The following story originally appeared on the W&M Athletics website. – Ed.
The first time Sugar Rodgers teed up a golf ball, it was on a large field behind a church. She told everyone she would crush it, and she did. Unfortunately, she also broke a window.
“The church’s alarm went off, and I took off running,” said Rodgers, a first-year assistant women’s basketball coach at William & Mary. “I said, ‘Don’t tell anybody because I’ll get in trouble!’
“A couple days later, the golf coach came up to me and was like, ‘Hey, I heard you can hit it.’ And I knew someone had snitched.”
Someone had, but Rodgers was spared any discipline. Instead, she was invited to join a local golf team. After losing her first tournament, she got pretty good. And then really good.
Yet it wasn’t golf that Sugar Rodgers used to escape a neighborhood ravished by poverty, gangs and drug dealers. To guarantee a roof over her head and food on her table after years of wondering if either would be available the next day.
Rodgers’ ticket out was basketball, which took her from the streets to the WNBA with a connector (and two degrees) at Georgetown. Because of that bouncing ball, against all odds, Sugar is all smiles today.
“Basketball saved my life,” she said. “And when I say that, I really mean it saved my life. Basketball created these opportunities for me that I wouldn’t have without it.”
Rodgers, 32, grew up in Suffolk, Va., the youngest daughter of Barbara Mae Rodgers — a.k.a. Bob Mae. It was Bob Mae who first called her daughter, whose given name is Ta’Shauna, Sugar. It was more of a term of endearment than a nickname, but it stuck.
Bob Mae, a former high school basketball player herself, was a single parent who worked two jobs and relied on food stamps. Their one-story, three-bedroom house leaked and was infested with roaches, but it was home.
Their section of Suffolk, called Williamstown, was known mostly for bad reasons. In her memoire, “They Better Call Me Sugar: My Journey from the Hood to the Hardwood,” Rodgers candidly describes how those harsh streets shaped her life.
The most heart-breaking stretch begins when police raided their home when Sugar was 13 years old. Bob Mae was bed-ridden with lupus at the time and had no control of the drug dealers hanging out on the front porch.
Not only did the bust lead to several arrests, Bob Mae was taken away in an ambulance and the house condemned. Sugar ended up staying with one of her coaches for a while, but she had lost her home.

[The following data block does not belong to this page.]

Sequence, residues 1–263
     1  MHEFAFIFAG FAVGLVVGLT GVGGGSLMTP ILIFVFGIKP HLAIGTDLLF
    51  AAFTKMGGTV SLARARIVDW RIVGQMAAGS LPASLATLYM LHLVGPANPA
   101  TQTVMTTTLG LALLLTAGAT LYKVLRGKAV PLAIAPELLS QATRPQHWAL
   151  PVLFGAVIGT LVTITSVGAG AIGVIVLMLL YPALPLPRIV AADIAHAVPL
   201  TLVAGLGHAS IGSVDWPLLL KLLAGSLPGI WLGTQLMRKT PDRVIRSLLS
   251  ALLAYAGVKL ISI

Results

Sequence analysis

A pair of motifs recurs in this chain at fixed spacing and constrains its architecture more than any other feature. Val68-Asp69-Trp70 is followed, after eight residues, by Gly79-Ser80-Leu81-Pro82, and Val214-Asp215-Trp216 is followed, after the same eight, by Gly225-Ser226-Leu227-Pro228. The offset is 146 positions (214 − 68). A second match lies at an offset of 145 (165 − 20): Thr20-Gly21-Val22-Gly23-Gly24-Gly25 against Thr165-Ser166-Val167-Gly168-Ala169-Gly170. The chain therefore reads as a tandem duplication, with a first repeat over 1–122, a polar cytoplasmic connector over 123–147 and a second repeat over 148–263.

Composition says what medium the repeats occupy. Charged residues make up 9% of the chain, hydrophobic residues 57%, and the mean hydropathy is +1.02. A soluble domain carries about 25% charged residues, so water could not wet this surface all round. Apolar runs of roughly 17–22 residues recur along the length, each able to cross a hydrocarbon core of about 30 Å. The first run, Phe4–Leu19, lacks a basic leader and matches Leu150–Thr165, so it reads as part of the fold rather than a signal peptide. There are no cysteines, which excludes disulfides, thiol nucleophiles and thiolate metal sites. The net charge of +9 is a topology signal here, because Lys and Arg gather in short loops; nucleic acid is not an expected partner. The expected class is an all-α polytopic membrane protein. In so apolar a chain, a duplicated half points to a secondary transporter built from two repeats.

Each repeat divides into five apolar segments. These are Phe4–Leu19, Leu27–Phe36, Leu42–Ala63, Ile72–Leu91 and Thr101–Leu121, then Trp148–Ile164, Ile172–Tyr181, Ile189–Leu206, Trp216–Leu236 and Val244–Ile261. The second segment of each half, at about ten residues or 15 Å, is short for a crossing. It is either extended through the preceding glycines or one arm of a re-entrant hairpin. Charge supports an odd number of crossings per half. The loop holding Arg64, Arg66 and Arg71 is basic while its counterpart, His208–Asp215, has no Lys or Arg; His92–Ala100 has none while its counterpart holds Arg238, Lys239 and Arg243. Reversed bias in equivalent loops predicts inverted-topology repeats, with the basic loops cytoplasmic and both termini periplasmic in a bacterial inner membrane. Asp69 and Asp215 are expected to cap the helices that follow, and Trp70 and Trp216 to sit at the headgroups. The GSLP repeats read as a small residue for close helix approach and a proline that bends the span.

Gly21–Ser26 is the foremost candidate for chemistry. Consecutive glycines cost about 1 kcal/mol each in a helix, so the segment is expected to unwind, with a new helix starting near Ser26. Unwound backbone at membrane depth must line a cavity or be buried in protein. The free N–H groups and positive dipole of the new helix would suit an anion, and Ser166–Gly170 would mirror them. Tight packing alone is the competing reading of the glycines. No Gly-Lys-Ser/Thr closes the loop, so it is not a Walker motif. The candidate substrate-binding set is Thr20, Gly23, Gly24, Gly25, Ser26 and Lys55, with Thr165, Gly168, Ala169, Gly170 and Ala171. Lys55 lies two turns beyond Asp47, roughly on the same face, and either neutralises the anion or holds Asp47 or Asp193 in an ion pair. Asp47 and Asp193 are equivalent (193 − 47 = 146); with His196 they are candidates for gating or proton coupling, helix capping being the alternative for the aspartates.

It wasn’t long after that when Sugar’s AAU basketball team, the Suffolk Blazers, traveled to Orlando for a tournament. On the morning of July 14, 2005, she was eating breakfast with her teammates when one of the coaches asked to speak with her.
Bob Mae had died back in Suffolk.
“She was definitely a strong, independent Black woman,” Sugar said. “She didn’t play when it came to us. She would support us no matter what.”
Like when Sugar had this crazy notion of taking up golf. “That’s a white person’s sport,” Bob Mae scoffed. Not to mention pricey. But she bought Sugar a pair of khakis at the Dollar Store and scraped up enough money for golf shoes.
Sugar quickly rose from beginner to advanced, but Bob Mae eventually stopped coming to her events. And without her mom there, Sugar began to lose her passion for golf.
But not basketball. She quickly took to that after her older brother, DeShawn, bought a seen-better-days goal and put it in the street in front of their house.
“It was a raggedy, old wooden backboard with the rim leaning low,” Sugar said. “But who knew it would impact my life the way it did?”
That second-hand goal drew kids wanting to play, but it also drew drug dealers betting on the action. While Sugar never went down the drug path, she did become quite the hustler. One time, she took more than $100 from a dealer in a one-on-one shootout.
Sugar had never played organized basketball until she was in the sixth grade at King’s Fork Middle School. She knew nothing about the game’s rules or how to do the drills, but all that came. So did her immense talent.
In four years on varsity, Sugar broke just about every school record that existed. She was named Southeastern District Player of the Year three times. With her AAU team, coached by the legendary Boo Williams, she was named Most Outstanding Player at the U16 Nike Nationals in 2007.